When you hear the term ‘Chairman’ or ‘Chief Executive’ you don’t normally associate many positives. Whether it is in the world of banking, business or football it is common to see headlines and news stories about those at the top making huge mistakes or being awarded obscene bonuses. In football it is usually when you hear of a chairman who has alienated a fan base or one who is trying to change the name and the image of a football club. In this day of oil rich owners and multi-million pound investments it is often easy to forget about those at the other end of the scale.
All football clubs are extensions of the local area they play in. They represent the people of that community and carry with them the reputation and image of that part of the world. For big clubs it is difficult to maintain this kind of connection with fans but for smaller teams it can make or break a club. With that in mind it is essential that the people who run the smaller clubs try to work with local people and engage with their small, but dedicated fan base.
This moves us on to a man who has, in the last year, managed to do that with passion, enthusiasm and an eye for unique opportunities.
John Devlin first became involved in Albion Rovers way back in 2007, but it was in 2013 that he was given the opportunity to step up to role of Chairman. He had a vision to transform the match day experience for Albion fans and to try and convince those that didn’t attend Cliftonville that they should. He wanted to reach out to the local Coatbridge community and encourage fans to engage with Albion Rovers.
“We have to give fans a 2 hour experience at Albion Rovers that is better than going to the Cinema or ten pin bowling. That is what we are competing against.”
Devlin knew that Albion Rovers was at the heart of a small community so he wanted to ensure that local people felt part of the club. This vision was helped immeasurably by last year’s Scottish Cup run that brought in enough investment to the club that they could launch schemes like the “pay what you can” season ticket. This was born out of the “pay what you want” match day they trialled in January that saw an additional few hundred on to their usual gate. These kinds of initiatives gave Albion Rovers a huge boost in season ticket sales but also a fair amount of media attention. Devlin himself said that he knew a club like Albion Rovers could not compete with bigger teams so they never planned to. He used an analogy from a small businesses competing against big companies, “they don’t try to compete. They try to differentiate.”
The local community partnerships continued recently with the announcements that the club were to donate £10,000 to the local ‘Cash for Kids’ charity. The money was part of the Scottish Cup cash they had received in their matches against Rangers.
The relationship with Radio Clyde’s Cash for Kids continued into this season with the launch of a new third kit that featured the logo of the local charity. With these kinds of gestures and the initiatives put in place by John Devlin it was always clear that he knew exactly what was needed at a smaller, community based team like Albion Rovers. The club are now in a good position for the future and can look ahead towards the next few years and potential promotions.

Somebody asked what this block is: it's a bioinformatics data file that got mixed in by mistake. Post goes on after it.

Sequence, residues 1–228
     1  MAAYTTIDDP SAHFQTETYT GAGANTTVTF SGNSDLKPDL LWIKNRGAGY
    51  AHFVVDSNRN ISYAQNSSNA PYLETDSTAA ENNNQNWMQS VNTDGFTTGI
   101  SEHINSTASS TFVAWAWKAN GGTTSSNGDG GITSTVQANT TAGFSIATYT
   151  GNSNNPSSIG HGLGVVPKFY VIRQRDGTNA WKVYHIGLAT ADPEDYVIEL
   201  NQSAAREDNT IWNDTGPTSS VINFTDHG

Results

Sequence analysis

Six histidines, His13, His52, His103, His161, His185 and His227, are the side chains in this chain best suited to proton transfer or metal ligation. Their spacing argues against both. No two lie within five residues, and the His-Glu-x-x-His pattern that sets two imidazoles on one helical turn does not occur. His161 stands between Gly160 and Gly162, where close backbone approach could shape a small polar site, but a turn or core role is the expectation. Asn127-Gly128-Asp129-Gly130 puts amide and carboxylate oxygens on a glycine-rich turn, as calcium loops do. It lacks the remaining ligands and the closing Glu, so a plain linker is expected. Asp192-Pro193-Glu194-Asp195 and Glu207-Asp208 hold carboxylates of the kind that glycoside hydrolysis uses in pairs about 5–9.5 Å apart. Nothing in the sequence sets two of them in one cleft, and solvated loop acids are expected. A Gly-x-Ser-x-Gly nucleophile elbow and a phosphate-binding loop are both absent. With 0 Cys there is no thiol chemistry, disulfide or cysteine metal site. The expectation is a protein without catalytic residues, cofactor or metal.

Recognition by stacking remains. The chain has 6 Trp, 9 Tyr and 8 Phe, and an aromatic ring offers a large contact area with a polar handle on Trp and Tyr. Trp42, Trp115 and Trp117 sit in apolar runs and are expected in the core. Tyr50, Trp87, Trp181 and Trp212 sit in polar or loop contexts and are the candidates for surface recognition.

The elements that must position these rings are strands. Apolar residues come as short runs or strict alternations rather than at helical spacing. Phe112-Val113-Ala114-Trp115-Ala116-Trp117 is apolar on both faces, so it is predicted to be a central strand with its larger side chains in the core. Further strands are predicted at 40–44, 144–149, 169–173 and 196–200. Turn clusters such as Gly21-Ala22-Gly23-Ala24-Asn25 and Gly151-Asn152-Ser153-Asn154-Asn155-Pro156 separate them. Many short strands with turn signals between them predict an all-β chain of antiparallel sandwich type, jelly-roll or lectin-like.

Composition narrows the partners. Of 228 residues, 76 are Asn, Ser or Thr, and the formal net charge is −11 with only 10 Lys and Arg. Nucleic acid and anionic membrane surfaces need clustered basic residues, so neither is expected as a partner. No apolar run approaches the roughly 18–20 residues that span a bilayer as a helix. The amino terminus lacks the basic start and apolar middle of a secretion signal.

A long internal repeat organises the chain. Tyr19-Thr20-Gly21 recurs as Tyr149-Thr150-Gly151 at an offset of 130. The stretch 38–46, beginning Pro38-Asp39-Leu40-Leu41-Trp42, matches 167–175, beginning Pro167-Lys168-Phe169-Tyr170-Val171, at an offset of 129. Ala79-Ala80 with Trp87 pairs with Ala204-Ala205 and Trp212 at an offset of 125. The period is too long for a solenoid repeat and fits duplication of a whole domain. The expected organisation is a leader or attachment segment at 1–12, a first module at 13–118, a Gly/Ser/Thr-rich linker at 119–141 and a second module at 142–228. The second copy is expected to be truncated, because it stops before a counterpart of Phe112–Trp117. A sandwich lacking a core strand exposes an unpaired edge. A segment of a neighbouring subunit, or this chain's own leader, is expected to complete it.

The reason that this is all written in past tense is because the decision was taken by Devlin yesterday to step down as chairman and director of the club. He has cited additional personal and business commitments, leaving this message on the Albion Rovers website –
It has been a summer of change at Cliftonhill and we can look forward to the season ahead with a renewed optimism as we channel our efforts towards a successful league campaign.
Away from football, my own situation is changing too and I have a number of other personal and business priorities that increasingly require my attention.
With that in mind, I have taken the difficult decision to step down as a director of the club and as Chairman.
This past 12 months has been something of a rollercoaster ride and the club as a whole has certainly developed both on and off the park.
There is a now a board of directors and an experienced wider management committee in place who will provide stability, continuity and see through some of the innovative ideas that have been established.
Pat Gillooly has received the backing of the board and will take over as chairman with immediate effect.
It has been an honour and a privilege to serve the club on the board across the last 6 years and I would like to thank you all for your support and kindness.
Hopefully I will see you all from time to time on the terrace.
Once a Rover always a Rover!
This decision has been a bit of a shock for Rover’s fans, but one that is maybe not completely surprising given the turnover in the boardroom in the last two or three years.
Being a club chairman is never going to be easy. You can never really be in it to make money and you need to give it your full attention. You will never please everyone (John Devlin knows this) plus you have to make difficult decisions regarding managers and players. The Albion Rovers fans have seen a conveyor belt of directors and boardroom members over the last few years so maybe this announcement might frustrate a few supporters but the bigger picture has to taken into consideration. The team is in a better position now, the fans are happier now and the club has made improvements off the park. The influence of someone like John Devlin has to be appreciated and there are more than a few clubs that would be lucky to have someone like him at the helm.
I’m sure the majority of fans would wish their former chairman the best of luck in the future, and they will maybe be hoping that they have not seen the last of him.